ANSTHRLD - "Marshall" name advice
Kathri at aol.com
Wed Apr 18 07:08:25 PDT 2001
In a message dated 4/17/2001 9:13:11 PM Central Daylight Time,
rayasmith at yahoo.com writes:
> I have a client who is interested in registering the
> name "John Marshall Hayden".
> I don't believe there is any problem with the
> periodness of the name, but our concern is whether the
> name "Marshall" might have problems or be disallowed
> as being a title (such as Rex or Duke).
> Any advice?
Go with it, except he may need to modify the spelling.
"Marshall" is an occupational name for a farrier. Per Bardsley sn Marshall p
516 "Like the smith, the marshal was a necessity in every centre of
population. Hence it is found in all counties." Like some other
occupations, it became a high title within royal households, but that didn't
prevent people who were really doing the job from getting tagged with the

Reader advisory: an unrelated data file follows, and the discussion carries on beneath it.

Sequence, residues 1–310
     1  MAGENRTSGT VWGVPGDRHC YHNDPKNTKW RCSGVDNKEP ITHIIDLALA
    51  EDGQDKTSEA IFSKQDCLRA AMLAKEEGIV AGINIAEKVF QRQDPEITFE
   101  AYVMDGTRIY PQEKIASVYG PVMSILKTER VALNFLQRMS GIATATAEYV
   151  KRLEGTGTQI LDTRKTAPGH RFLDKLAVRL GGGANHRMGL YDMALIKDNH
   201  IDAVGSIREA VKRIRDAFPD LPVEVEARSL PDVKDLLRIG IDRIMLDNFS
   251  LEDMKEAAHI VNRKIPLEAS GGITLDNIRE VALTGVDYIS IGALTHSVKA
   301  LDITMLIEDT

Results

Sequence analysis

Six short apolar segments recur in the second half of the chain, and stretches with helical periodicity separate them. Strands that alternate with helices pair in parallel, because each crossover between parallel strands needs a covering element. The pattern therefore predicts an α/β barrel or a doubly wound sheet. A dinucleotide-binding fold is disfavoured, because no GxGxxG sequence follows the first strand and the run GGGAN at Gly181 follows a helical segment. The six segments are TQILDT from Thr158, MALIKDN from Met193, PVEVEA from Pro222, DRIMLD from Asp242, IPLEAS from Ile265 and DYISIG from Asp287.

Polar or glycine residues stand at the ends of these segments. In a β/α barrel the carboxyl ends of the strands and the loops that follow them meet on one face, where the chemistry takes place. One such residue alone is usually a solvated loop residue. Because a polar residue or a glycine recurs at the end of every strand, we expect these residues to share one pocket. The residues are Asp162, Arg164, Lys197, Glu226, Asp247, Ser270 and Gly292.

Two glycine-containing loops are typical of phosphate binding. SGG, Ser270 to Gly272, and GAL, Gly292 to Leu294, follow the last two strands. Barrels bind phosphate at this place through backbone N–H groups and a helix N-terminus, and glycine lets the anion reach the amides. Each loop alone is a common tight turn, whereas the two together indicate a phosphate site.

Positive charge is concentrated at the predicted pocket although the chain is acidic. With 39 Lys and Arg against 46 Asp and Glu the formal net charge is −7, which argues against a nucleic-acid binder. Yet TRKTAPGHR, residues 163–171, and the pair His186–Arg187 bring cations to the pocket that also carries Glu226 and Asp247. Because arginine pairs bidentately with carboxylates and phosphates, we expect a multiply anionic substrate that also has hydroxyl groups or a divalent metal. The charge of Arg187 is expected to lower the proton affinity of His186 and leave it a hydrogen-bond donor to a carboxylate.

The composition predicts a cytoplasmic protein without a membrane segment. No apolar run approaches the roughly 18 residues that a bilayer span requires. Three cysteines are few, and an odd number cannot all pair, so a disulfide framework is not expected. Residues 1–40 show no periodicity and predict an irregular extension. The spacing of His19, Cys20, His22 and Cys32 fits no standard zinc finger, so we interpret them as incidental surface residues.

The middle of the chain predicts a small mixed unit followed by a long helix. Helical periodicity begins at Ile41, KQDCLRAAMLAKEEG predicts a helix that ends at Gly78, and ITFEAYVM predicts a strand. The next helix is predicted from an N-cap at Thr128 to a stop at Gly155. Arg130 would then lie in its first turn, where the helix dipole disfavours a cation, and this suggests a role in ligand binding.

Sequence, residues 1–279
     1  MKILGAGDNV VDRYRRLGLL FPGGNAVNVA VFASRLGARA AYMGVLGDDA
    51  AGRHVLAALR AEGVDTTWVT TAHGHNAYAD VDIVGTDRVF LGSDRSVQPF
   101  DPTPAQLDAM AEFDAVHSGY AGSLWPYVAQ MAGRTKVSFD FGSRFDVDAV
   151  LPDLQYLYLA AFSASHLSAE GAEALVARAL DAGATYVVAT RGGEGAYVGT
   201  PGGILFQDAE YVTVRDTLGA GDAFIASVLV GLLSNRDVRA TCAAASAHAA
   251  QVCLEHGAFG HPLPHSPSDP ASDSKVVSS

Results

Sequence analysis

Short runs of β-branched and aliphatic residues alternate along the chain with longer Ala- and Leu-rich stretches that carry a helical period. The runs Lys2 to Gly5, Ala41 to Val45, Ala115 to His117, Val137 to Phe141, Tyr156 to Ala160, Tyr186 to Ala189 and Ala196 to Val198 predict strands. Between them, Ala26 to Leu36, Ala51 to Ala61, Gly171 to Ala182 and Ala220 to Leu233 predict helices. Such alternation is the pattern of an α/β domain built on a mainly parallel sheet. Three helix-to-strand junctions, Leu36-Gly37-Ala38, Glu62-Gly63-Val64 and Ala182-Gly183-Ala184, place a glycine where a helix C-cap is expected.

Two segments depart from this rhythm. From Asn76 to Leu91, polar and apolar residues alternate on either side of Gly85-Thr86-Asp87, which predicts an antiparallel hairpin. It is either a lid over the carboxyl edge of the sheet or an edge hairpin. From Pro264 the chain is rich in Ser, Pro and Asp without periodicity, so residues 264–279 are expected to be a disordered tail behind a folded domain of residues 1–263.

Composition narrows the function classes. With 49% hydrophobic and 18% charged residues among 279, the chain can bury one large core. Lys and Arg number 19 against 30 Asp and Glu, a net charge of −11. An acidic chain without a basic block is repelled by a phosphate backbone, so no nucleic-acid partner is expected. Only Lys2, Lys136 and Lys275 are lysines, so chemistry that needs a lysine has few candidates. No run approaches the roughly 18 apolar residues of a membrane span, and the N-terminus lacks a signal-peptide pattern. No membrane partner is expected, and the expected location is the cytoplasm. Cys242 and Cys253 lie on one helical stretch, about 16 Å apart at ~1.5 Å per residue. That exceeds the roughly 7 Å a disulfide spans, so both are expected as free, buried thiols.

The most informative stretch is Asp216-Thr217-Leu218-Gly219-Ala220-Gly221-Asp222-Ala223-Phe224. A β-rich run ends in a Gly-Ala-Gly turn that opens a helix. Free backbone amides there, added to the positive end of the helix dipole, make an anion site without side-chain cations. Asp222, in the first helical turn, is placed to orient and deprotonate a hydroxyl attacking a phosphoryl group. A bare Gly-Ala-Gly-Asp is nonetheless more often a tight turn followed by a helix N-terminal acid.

epithet-that-became-an-inherited-surname. (For example, the royal family of
Stewart vs all those officials of all those manors.)
Examples of Marshall:
(Bardsley p 516) Johannes Mareschall, 1379. Christopher Marshall and Eliz.
Byrde: Marriage 1572.
(Reaney & Wilson p 300 sn Marshall) Goisfridus Marescal 1084, William
Marescald 1100-30, Henry le Marscal 1238, John Marschal 1296 (don't panic;
being cited in R&W does *not* make one worthy of protection, and the proposed
name is clear anyway) .
And as an extra blessing, "Hayden" is a locative. One of the few
justifications for double surnames in English is the addition of a locative
to another type of surname, and here we have the registerable
occupation-locative combination. (With the extra ummph from the fact that
there could well be several "John Marshall"s so we might *need* to specify
the one from Hayden.)
Examples: Reaney & Wilson p 222 sn Hayden: Thomas de Haiden' 1200, William
de Heydon 1303; Walter Haydon 1327. Bardsley p 368 sn Haydon: Richard de
Haydon or Heydon 1273, Anges de Heydone 1273, Thomas de Heydon 20 Edw I (what
was the 20th year of Edward I's reign? in period, anyway), Philip de Haghdon
I Edw. III, Benjamin Haiden 1586.
In order to get the spelling "Hayden" he could argue that the first syllable
"Hay-" was combined with various spellings of the second syllable, and (so
far) we have one late period example of the second syllable "-den" to combine
I think the name is fairly late period English anyway.
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